I made this out of the shot below, doing a lot of work on the background in Photoshop and using Topaz Glow (see note below this article on the current upgrade available!).  

My only regret is that I didn’t expend more effort to document the team and perhaps get a group picture. It was really, really hot! Sorry. I thoroughly enjoy shooting motorcycles and admiring the skills of these motor cops. Their training is intense and effective, and they’re all really dedicated personable people who do a dangerous job really well. Kudo’s, motor squad.

Here's Sean, doing what he loves! 

New/Updated Topaz Glow

The fine folks at Topaz have just issued an update to their fantastic "GLOW" plugin program, which they have creatively called "GLOW2"! It's on sale from now until September 2nd at 30% off. Here are their words describing the update:

Topaz Glow introduces a new kind of tool into your workflow designed to electrify your imagination by illuminating the contours of your images to reveal the hidden life in each moment you capture. Glow 2 gives you the power to create stunning neon effects, or subtle ethereal glow. No matter the look you love, amplify your images faster than ever with Glow 2.

New features in Glow 2 Include: 
  • Over 30 New Presets - That brings the total to over 100 included effects to amplify your images or give you a boost creating a personal look you love.
  • New Masking Module -You no longer need a host editor like Photoshop to create masks on your images! Now, you can open Glow 2 and mask areas of your image directly from the application using luminosity, color selection, a spot mask, or a traditional brush mask, and yes it’s color aware :) 
  • Unlimited Undo/Redo - That's right! As long as you don’t close the program you can now undo or redo to your hearts content (as far as your system memory will allow.)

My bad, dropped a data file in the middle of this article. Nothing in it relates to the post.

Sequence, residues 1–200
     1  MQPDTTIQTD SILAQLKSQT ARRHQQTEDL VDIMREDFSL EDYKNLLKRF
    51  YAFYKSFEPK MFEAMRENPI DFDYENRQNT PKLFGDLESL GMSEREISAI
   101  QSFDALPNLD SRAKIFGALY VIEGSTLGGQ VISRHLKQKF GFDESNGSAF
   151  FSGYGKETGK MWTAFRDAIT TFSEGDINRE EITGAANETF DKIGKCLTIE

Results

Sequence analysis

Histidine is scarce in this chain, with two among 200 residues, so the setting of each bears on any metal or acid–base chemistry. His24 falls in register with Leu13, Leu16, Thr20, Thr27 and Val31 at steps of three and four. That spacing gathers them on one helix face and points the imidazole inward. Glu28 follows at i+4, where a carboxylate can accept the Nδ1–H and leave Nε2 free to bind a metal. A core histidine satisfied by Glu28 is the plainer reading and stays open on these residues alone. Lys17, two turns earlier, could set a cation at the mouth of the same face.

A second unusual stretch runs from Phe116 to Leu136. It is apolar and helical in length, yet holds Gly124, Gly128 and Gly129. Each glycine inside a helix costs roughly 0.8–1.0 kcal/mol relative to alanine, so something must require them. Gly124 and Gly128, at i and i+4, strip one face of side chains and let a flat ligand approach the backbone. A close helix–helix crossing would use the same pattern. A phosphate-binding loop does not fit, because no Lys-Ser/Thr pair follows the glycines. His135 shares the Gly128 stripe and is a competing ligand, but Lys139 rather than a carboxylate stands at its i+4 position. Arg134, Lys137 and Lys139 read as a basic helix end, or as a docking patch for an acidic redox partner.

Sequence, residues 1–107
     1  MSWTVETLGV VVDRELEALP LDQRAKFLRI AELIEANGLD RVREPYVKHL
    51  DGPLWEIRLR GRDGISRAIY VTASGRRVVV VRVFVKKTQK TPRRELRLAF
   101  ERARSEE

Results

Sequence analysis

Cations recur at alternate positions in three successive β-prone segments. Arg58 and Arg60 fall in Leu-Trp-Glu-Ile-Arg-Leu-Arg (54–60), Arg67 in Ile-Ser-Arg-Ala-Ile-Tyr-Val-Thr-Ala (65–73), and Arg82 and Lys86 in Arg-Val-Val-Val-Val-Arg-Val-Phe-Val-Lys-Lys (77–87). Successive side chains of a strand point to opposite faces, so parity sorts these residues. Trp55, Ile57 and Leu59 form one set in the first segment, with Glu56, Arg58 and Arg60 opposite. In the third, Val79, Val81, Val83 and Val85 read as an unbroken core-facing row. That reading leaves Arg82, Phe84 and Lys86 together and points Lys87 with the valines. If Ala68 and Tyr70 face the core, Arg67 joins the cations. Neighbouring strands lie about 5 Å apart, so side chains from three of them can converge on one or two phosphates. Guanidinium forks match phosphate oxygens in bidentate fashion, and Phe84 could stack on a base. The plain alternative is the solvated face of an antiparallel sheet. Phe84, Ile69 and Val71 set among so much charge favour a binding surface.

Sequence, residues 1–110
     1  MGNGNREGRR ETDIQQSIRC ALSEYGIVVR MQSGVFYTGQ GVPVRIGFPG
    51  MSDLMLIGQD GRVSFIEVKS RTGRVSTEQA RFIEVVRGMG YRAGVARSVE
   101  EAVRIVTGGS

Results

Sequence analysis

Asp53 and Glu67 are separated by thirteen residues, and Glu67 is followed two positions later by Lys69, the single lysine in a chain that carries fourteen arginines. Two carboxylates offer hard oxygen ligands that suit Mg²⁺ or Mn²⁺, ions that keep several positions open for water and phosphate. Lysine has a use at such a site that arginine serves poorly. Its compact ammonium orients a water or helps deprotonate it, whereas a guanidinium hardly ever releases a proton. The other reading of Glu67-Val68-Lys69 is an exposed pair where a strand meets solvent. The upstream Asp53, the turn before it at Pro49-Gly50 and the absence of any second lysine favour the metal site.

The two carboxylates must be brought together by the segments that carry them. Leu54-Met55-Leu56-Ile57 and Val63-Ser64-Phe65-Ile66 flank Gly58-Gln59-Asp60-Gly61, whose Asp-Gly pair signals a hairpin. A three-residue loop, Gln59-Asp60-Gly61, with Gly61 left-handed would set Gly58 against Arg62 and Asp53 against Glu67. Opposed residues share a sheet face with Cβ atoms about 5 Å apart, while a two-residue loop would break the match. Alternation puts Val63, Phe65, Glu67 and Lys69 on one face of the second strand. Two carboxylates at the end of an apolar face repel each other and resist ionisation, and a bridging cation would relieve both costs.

• Topaz Community Integration - Topaz Glow 2 is the 3rd of our products to include the Topaz Community, an easy way for users to search save and share custom made presets with other Glow 2 users around the world. Surf an ocean of hand crafted presets, then download and apply with a click. Or share your custom presets for other users to try.
  • Automatic Preset Backup - as long as you’re signed into your account when you save a preset, that preset will be privately uploaded to the community then synced on any other machine you sign into. 

There's one caveat: this program uses intense GPU processing, so like Impression 2, your computer must have Windows 7+, Mac OSX 10.9+, and a GPU with OpenGL 3.3 or higher. (this replaces the older requirement for OpenGL 2.1). It won't install if it doesn't detect that. If you already own GLOW, it's a free update. Just download it and install it, it should pick up your existing license key.

If you're a new customer, use the link below and enter the coupon code, "GLOW2" at checkout for the discount. You can also try before buying to make sure it works on your system. Here's the link:

The Perseids Meteor Shower

Mother Nature is really cruel. It's been sunny and beautiful here for weeks on end. The peak nights for the Perseids meteor showers were Thursday and Friday. Guess what? Cloudy. I went out on Wednesday night but it was still worth the effort.

No meteors in this shot of the Milky Way. A flashlight, a little light painting...  

Instead of the advertised 150-200 meteors per hour, I saw about 30 or so over two and a half hours. Of course a lot were where the camera wasn't pointing! Still, I managed this composite of about 10 events:

Looking Northeast, I took about 250 frames over about 75 minutes. Each exposure was 15 seconds, with the wide angle lens set at 17mm (full frame), aperture at f/2.8, ISO at 3200. I drove the camera via TriggerTrap, using my iPhone.

People asked me how I created this composite: I isolated the 10 frames with incidents (I ignored airplanes. How come there are so many planes at 1:00 am in Northern Ontario?). I loaded them as layers in Photoshop and I masked everything except the meteor trail on each layer. 

The resulting negative mask looked like this. 
Then I took that composite and laid it over one of the 250 frames.

Since I had some 250 frames, I did two other things with them: I made a video timelapse using Microsoft Movie Maker and here's the link! Click to view it full-screen.

And I also created a star trails composite in StarStax. I didn't like the usual "lighten" type version, so I played with an average-with-increasing-exposure version that was much more subtle and brought out the glow of the Northern Lights that were present but not very visible to the naked eye:

I added in the masked composite from the previous example and did some toning work on the foreground.  

I'll close with another shot of the milky way from a few nights earlier.

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Monday, August 01, 2016



Danger, Will Robinson. Danger.

Michael at Red Umbrella Inn across the road from me just got a brand new drone. He was showing it to me then the phone rang and he handed me the controller. Argh!